Gold smuggling on the rise as high prices boost appeal in India
Gold in India touched a record high of 39,885 rupees ($563) per 10 grams in early September.
Commodity Summary MCX
Surging gold prices in India are keeping customs officials on their toes.
Illegal inflows have jumped after the Indian government increased import taxes in July and prices surged to record highs in September. Customs officials have arrested people for attempting to smuggle in gold by concealing it in bags, clothes and their rectums. On one flight alone, officials caught 30 passengers trying to smuggle in 7.5 kilograms (16.5 pounds) of gold into Chennai.
On 24.11.2019 pax arrived by UL 125 intercepted on specific info. On the basis of interrogation 7.5 kg of #gold in… https://t.co/LqVjTZcIpF— Chennai_Customs (@Chennai_Customs) 1574691681000
“The propensity to smuggle now is very high because every time you increase the tax rate, you give that much more incentive to smugglers,” P.R. Somasundaram, managing director for the region at the World Gold Council, said in an interview. “So it will continue like this unless measures are taken by not just the government but also the trade which shares an equal responsibility to obliterate the grey market.”
Gold in India touched a record high of 39,885 rupees ($563) per 10 grams in early September on higher import taxes and as the US-China trade conflict and looser monetary policy boosted global benchmark spot prices. While bullion has since retreated from the all-time high, it’s still up 20 per cent this year.
Smuggled inflows of gold may jump 30 per cent to 40 per cent this year to 140 tons and rise more in 2020, N. Anantha Padmanaban, chairman of the All India Gem and Jewellery Domestic Council, said. It could also constitute a bigger percentage of India’s demand as official imports decline, rising to as much as 14 per cent this year from 12 per cent a year earlier, according to the WGC.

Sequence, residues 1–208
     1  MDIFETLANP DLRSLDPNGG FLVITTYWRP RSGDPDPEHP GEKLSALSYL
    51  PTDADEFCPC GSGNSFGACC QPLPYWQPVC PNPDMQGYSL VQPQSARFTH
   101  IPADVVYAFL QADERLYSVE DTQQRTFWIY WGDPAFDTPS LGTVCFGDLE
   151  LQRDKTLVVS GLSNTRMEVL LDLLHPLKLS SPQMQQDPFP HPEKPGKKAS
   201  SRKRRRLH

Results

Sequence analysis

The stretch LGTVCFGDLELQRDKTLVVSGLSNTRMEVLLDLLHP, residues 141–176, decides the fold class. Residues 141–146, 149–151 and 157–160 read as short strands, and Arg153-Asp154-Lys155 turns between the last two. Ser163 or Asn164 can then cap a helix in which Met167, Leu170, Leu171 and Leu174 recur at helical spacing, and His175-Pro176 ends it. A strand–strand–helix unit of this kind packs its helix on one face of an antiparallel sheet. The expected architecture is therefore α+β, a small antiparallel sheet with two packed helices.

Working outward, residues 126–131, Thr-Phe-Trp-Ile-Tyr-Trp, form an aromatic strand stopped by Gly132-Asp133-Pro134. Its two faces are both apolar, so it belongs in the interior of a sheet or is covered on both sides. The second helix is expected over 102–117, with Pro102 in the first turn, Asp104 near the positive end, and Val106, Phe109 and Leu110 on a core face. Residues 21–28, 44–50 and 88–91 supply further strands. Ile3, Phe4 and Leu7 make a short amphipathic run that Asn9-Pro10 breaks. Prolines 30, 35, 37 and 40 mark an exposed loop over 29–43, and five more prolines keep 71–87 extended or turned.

A previous spate of smuggling occurred after India, which imports almost all of its gold, increased the tax three times in 2013 to control a record current-account deficit. Illegal inflows peaked at 225 tons in 2014 as smugglers attempted to bring in bullion, including via planes and trains.
Delhi Customs@IGIA seized 4 cut pieces of Gold collectively weighing 997 gms valued @₹ 34.23 lakhs on 29.11.19 frm… https://t.co/KnBcaMPldO— CustomsDelhi_Tweet (@Delhicustoms) 1575173896000
In just the two months of September and October this year, nearly 40 per cent more gold was seized than the same period in 2018 from airports, railway stations and border states, data on the Directorate of Revenue Intelligence’s website showed. Data on the website is available only for the last four months of 2018, limiting year-on-year comparisons.
There has been a jump in the smuggling of gold into India from China, Taiwan and Hong Kong, the DRI said. The trend suggests smuggling syndicates are using e-commerce platforms and couriers to smuggle gold into India by hiding it in
household and white goods, it said.
“The higher import tax has led to not only the people who regularly smuggle gold to smuggle in the metal but it has encouraged even the lay man to go abroad and get some gold for their own consumption or to make money out of it,” All India Gem and Jewellery Domestic Council’s Padmanaban said by phone.
Bullion is also increasingly being smuggled in from countries bordering India, including Nepal, Bhutan, Myanmar, China and Bangladesh.
“The government needs to bring down the customs duty and also allow jewelers to be a part of the gold monetization scheme so that the idle gold with people comes into the market and we can cut down on imports,” Padmanaban said.